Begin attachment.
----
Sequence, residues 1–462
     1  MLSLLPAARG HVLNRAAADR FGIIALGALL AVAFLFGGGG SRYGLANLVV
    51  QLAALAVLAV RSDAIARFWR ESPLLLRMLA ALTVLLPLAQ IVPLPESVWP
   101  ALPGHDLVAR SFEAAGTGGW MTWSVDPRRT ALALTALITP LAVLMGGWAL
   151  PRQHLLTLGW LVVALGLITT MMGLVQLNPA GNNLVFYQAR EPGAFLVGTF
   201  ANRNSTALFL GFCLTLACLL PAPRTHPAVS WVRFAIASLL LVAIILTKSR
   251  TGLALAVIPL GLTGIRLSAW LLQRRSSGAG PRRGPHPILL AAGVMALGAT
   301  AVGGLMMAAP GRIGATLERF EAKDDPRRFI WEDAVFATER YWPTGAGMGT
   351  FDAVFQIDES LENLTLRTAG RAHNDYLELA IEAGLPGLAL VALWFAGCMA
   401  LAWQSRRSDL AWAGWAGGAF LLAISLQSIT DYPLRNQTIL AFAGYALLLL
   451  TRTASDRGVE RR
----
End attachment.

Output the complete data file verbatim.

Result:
Sequence, residues 1–462
     1  MLSLLPAARG HVLNRAAADR FGIIALGALL AVAFLFGGGG SRYGLANLVV
    51  QLAALAVLAV RSDAIARFWR ESPLLLRMLA ALTVLLPLAQ IVPLPESVWP
   101  ALPGHDLVAR SFEAAGTGGW MTWSVDPRRT ALALTALITP LAVLMGGWAL
   151  PRQHLLTLGW LVVALGLITT MMGLVQLNPA GNNLVFYQAR EPGAFLVGTF
   201  ANRNSTALFL GFCLTLACLL PAPRTHPAVS WVRFAIASLL LVAIILTKSR
   251  TGLALAVIPL GLTGIRLSAW LLQRRSSGAG PRRGPHPILL AAGVMALGAT
   301  AVGGLMMAAP GRIGATLERF EAKDDPRRFI WEDAVFATER YWPTGAGMGT
   351  FDAVFQIDES LENLTLRTAG RAHNDYLELA IEAGLPGLAL VALWFAGCMA
   401  LAWQSRRSDL AWAGWAGGAF LLAISLQSIT DYPLRNQTIL AFAGYALLLL
   451  TRTASDRGVE RR